Inside the Numbers: Indiana Hoosiers at Virginia Cavaliers

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By David Sugarman (@David_Sugarman2)

Week one of college football is in the books and it did not disappoint. From Maryland taking down Texas to Michigan handling Florida it was an exciting opening weekend and we’re already hungry for more. This week Indiana starts their non-conference slate with their only power five opponent in this portion of the schedule, Virginia. Let’s take a look at the numbers that matter in this week’s Inside the Numbers.

1 - There are lots of stats I could put to show that IU’s running game was abysmal and ineffective against Ohio State. They only had 17 rushing yards total, only attempted 27 rushes to 68 passes, but there’s one that stands out. IU had 25 first downs and only one of them came from a run play. It shows that Indiana was putting themselves in a plethora of third and longs and were forced to throw the ball almost every time to the point where Richard Lagow broke an IU single game passing attempts record. Virginia isn’t Ohio State, but no matter who it is, the Hoosiers need to show more of a commitment to the run game. It will make them less one dimensional and keep Lagow’s turnovers down. If Indiana is willing to run the ball on first and second down more often, they should be able to get into some better third down situations and take pressure off of Lagow.

68 - Piggybacking off our last statistic, between Richard Lagow and Peyton Ramsey Indiana threw the football a mind boggling 68 times against Ohio State. They had success in the first half, but were one dimensional and if you throw the ball 68 times you’re bound to make a few mistakes. That happened to the tune of two interceptions and a sack fumble. We’re not fooling ourselves, this is a pass first team, but that doesn’t mean they can’t show a commitment to a run game.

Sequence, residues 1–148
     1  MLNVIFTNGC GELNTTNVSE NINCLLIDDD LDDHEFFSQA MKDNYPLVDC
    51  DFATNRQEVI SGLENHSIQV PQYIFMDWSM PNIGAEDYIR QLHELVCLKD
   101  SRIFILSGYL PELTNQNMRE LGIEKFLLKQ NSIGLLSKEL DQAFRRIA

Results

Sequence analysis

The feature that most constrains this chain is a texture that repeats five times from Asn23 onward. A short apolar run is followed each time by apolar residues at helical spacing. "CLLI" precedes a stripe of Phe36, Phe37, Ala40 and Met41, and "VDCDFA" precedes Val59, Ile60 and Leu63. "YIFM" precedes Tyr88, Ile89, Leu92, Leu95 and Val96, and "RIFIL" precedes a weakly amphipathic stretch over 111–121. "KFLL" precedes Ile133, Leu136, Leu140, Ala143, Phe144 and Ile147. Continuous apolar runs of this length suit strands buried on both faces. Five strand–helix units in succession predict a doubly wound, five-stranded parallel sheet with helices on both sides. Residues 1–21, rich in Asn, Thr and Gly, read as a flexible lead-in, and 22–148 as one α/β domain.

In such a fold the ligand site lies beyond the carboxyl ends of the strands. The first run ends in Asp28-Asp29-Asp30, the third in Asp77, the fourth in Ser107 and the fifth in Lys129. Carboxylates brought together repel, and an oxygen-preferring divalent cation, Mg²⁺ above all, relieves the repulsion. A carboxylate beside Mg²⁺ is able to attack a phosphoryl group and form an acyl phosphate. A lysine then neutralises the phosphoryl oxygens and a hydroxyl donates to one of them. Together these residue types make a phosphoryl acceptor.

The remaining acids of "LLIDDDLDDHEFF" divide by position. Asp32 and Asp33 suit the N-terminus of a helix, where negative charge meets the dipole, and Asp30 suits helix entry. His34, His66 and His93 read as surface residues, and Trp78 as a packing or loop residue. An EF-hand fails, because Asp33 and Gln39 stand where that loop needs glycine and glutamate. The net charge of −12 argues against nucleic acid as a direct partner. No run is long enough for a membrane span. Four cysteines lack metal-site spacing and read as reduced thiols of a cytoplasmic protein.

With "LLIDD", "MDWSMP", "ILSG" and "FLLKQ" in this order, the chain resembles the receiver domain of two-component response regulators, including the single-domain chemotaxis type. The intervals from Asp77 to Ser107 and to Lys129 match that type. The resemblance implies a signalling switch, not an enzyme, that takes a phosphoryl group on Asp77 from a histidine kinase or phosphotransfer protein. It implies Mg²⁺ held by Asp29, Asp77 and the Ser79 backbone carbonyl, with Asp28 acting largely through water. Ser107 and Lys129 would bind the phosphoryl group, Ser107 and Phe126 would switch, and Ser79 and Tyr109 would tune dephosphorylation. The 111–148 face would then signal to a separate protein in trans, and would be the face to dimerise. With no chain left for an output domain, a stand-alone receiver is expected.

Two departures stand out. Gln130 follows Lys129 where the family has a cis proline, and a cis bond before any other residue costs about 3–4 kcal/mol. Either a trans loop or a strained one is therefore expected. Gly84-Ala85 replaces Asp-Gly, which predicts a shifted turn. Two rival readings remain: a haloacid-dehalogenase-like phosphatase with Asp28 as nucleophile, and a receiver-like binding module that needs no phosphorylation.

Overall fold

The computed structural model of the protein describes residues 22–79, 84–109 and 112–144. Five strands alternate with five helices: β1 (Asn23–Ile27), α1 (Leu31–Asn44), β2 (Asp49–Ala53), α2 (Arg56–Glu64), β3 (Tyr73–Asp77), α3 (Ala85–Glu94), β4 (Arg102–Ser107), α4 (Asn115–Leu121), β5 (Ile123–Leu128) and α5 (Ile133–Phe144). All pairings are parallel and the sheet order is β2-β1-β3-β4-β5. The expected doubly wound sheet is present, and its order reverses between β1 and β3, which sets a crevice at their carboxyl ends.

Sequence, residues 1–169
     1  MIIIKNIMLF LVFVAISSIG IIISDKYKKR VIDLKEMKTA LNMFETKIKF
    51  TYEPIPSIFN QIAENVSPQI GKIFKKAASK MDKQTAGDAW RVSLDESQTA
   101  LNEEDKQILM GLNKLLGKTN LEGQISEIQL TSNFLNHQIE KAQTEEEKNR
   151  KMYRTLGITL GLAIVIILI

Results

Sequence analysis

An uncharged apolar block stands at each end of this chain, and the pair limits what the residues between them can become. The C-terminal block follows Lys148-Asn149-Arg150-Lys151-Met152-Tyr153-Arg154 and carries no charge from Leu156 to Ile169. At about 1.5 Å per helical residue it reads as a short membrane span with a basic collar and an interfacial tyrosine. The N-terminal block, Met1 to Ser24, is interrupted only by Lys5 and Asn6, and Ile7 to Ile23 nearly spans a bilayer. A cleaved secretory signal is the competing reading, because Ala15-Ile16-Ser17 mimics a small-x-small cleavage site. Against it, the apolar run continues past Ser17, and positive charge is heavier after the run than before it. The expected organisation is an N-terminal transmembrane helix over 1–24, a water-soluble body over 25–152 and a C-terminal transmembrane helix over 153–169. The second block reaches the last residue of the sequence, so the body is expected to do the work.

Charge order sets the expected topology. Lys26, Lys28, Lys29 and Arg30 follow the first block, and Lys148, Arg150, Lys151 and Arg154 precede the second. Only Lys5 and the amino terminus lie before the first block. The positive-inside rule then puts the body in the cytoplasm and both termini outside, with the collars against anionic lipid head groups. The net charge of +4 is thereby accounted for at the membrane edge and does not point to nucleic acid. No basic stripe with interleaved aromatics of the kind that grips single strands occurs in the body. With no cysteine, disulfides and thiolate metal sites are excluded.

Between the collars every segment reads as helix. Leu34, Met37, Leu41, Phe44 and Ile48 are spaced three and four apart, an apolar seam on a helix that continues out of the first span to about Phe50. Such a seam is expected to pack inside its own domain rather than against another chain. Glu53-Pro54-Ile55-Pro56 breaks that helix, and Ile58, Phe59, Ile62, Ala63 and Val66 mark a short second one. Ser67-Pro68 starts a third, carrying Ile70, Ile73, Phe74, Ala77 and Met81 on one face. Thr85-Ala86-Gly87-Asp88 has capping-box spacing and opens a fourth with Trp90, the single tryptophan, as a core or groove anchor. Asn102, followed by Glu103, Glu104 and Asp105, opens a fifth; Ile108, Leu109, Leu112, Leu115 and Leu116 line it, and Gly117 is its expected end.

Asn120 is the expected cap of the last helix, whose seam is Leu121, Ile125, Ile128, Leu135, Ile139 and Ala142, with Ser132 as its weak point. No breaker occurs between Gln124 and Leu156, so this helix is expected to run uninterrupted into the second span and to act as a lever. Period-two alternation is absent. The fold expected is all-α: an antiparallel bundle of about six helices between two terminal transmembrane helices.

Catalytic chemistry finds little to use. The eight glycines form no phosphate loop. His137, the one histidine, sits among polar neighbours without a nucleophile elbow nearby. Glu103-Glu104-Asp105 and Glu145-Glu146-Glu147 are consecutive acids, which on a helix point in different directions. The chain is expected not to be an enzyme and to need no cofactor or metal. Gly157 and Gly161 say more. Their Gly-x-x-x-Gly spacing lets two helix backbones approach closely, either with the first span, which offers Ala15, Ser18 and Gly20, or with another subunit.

Minus-3 - Tom Allen takeaways were a big part of Indiana’s success last season, but they got beat in the turnover battle badly against the Buckeyes. Ohio State scored 17 points on three turnovers while Indiana didn’t turn them over once and didn’t come all that close either. There wasn’t a badly dropped interception, no forced fumbles and there was almost no pressure on J.T. Barrett, just one sack, so the chances of a sack and strip or hurrying Barrett into a miscue were very low. Indiana needs to get after the quarterback and find ways to force turnovers which should be a little easier this week against Virginia, but hardly a given. Virginia didn’t turn the ball over in their opener, breaking their 42-game streak of having at least one turnover in a game.

10 - What made the Indiana passing attack so dangerous in week one, even without Nick Westbrook, is that Richard Lagow spread the wealth. Ten different receivers caught at least one pass and seven caught multiple. If they can pass like that against Ohio State they should be fine against a Virginia team that gave up the third most passing yards in the ACC a season ago.

72 - Now take it with a grain of salt because it was against William & Mary of the Colonial Athletic Association, but that Virginia secondary that struggled for much of last season gave up just 72 yards through the air last week. Granted William & Mary threw the ball just 13 times to begin with and as we saw in week one Indiana likes to sling it around just a little bit more than that. IU will be Virginia’s first test to see if their defense has made any real strides since last season.

2011 - It’s the last time Virginia had a winning season. Since then the most wins they’ve had in a season is five and they’ve had two 2-10 campaigns. Simply put this is a must win for Indiana and frankly it was always a must win. You can’t beat Ohio State then lose to Virginia and Indiana has no room to start 0-2 with the rest of the Big Ten East looming just a few weeks out. Indiana fans were more disappointed than mad at the Ohio State game and didn’t abandon this team because of the loss. A loss against the Cavaliers would leave a much different taste in the mouths of Hoosier fans.